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Poll: When a new operating system is released, I tend to:

by Lee Koo (ADMIN) CNET staff/forum admin / April 17, 2009 6:10 AM PDT

When a new operating system is released, I tend to:

--Be the first one on the block to get it. (Please explain.)
--Wait a few weeks/months after its release before getting it. (Please explain.)
--Do some research first to see if there are any issues with it, then act accordingly. (Please explain.)
--Wait until I absolutely have to have it before getting it. (Please explain.)
--Be the last one on the block to get it. (Please explain.)
--Other. (What is it?)

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It depends on the OS
by rbsjrx / April 17, 2009 10:37 AM PDT

If it's Windows, I always wait until at least SP1. (Fool me once, shame on you; fool me twice, shame on me!) If it's Ubuntu or another popular, well-supported Linux distro, I usually give it a month before installing it. That's typically long enough for any teething problems to be worked out.

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I should add...
by rbsjrx / April 17, 2009 11:17 AM PDT
In reply to: It depends on the OS

...if it's Windows, I won't even install SP1 until/unless it becomes _absolutely_ necessary. I'm currently running WinXP MCE on my primary Windows machine and never plan on "upgrading" to either Vista or Win7. I've recently retired and am currently migrating to Linux (Ubuntu Studio).

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I agree
by Hardofhearin / April 20, 2009 1:57 AM PDT
In reply to: It depends on the OS

I started with Mick Jagger and Win 95. Minutes and hours on the phone with HP and Windows Tech Support were countless. Since tthen i have purchased Win 98, Win XP 2004, IMAC 2008 all new machines. I am convinced Bill Gates model is not benefical to me.

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wait until I absolutely hafta
by mittens / April 17, 2009 10:42 AM PDT

I dislike change, and changing the OS, even as a gentle upgrade, is a major event in my life. I am proficient enough to make things run, to figure stuff out once it's installed, but my main concern is always, what if something goes horribly wrong and I can't fix it?

And if I like what works for me, why change? Yes, yes, I know, faster, better, brighter and it dissolves those ugly rust stains on the tub--but this is MINE. I shaped it. I love it. Even if I can only run older software, it's still okay. Maybe next week.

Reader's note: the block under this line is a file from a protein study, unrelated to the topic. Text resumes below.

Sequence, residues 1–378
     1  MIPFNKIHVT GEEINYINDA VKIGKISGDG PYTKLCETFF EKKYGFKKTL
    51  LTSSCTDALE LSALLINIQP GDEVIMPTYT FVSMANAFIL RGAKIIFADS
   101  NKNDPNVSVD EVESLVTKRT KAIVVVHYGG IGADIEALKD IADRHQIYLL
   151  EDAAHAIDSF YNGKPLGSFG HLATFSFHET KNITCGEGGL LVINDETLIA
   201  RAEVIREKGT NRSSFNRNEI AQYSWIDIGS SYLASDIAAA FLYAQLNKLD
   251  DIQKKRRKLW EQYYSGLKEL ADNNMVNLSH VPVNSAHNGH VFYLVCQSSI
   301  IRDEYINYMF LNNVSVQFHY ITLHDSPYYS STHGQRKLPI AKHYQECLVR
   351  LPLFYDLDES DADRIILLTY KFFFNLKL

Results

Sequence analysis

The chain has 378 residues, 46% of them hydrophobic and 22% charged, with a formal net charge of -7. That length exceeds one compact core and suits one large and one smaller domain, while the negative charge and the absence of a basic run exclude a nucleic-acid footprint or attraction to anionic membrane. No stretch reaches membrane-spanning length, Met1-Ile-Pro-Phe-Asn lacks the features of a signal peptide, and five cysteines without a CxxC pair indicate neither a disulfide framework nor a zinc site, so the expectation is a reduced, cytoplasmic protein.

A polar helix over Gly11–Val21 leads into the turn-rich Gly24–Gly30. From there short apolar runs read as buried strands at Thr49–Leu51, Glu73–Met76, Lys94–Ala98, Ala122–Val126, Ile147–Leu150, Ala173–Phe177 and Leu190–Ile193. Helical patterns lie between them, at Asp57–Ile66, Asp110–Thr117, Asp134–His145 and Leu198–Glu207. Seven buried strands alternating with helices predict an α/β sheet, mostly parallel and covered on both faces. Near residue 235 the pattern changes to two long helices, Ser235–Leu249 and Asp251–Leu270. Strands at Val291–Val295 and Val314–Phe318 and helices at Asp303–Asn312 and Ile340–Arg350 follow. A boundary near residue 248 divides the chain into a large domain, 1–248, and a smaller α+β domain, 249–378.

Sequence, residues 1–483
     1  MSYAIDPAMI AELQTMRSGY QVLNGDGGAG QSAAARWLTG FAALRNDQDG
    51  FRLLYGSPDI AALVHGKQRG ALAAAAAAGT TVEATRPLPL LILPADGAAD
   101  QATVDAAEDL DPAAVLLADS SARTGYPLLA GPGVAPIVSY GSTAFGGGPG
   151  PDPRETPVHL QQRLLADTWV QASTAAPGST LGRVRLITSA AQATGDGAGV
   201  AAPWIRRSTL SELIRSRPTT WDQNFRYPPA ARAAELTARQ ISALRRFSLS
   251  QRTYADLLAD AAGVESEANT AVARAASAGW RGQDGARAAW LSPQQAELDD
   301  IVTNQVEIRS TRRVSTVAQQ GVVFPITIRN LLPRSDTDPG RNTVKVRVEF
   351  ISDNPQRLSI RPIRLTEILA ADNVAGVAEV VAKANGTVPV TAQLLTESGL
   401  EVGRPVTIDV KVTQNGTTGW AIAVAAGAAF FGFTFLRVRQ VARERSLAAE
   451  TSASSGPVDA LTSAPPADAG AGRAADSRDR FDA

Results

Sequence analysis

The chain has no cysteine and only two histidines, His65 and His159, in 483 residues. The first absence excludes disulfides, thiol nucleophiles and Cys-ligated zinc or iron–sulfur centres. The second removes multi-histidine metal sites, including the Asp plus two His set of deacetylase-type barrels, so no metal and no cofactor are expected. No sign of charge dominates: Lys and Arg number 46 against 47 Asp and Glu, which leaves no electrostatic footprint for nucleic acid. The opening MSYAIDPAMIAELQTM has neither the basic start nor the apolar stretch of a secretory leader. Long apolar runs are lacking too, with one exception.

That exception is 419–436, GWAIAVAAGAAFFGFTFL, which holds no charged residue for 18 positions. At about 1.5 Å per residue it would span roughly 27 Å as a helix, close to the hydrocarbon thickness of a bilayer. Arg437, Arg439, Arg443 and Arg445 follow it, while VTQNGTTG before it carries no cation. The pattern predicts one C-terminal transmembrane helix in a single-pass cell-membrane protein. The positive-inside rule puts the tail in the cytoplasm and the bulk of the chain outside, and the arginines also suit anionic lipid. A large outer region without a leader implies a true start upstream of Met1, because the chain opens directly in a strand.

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Well said mittens
by Triadguy / April 18, 2009 7:15 AM PDT

Could not have said it any better! You voiced my feelings and it takes me back to an old saying, "If it ain't broke - don't fix it."

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well, thank you, triadguy
by mittens / April 18, 2009 8:24 AM PDT
In reply to: Well said mittens

I have a dual boot machine; since I hated to part with ME (yes, ME), we rigged up the XP to keep it company. My husband has a triple boot computer with 95, 98, and XP, and he has a DOS box embedded somehow so he can view his older files that are just so much hash on XP.

As you can see, this is not a family that changes willingly or rapidly, and we do listen, as well, to what other people say about the next adventure in software. Which is why we are waiting out the Vista disaster. Luddites, by golly, we're just Luddites.

I was amazed at how many people do NOT rush out to buy the latest and fanciest--then again, maybe they do and just don't talk about it...?

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If it's working, why break it . . .
by pernrider / April 17, 2009 10:53 AM PDT

I have necessary productivity software that isn't Vista capable. XP Pro works fine for me and it runs my programs. Why spend hundreds, and I means many multiple hundreds of dollars to replace good software just because a new OS is available.

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If it ain't broke....
by HighDesertDiva / April 17, 2009 11:00 AM PDT

I agree. If the system I have is adequate for my needs, why go through the hassle of switching over to something new? I didn't grow up with computers, and every time I successfully manage to install something new it is a big deal, but that doesn't mean I want to do it for kicks. I have XP and it works fine for me. Eventually I will have to replace my computer. Time enough to switch to the latest version then, and deal with all the stress of learning a new system.

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same here ... I need a reason to switch ...
by geeman1082 / April 20, 2009 5:05 AM PDT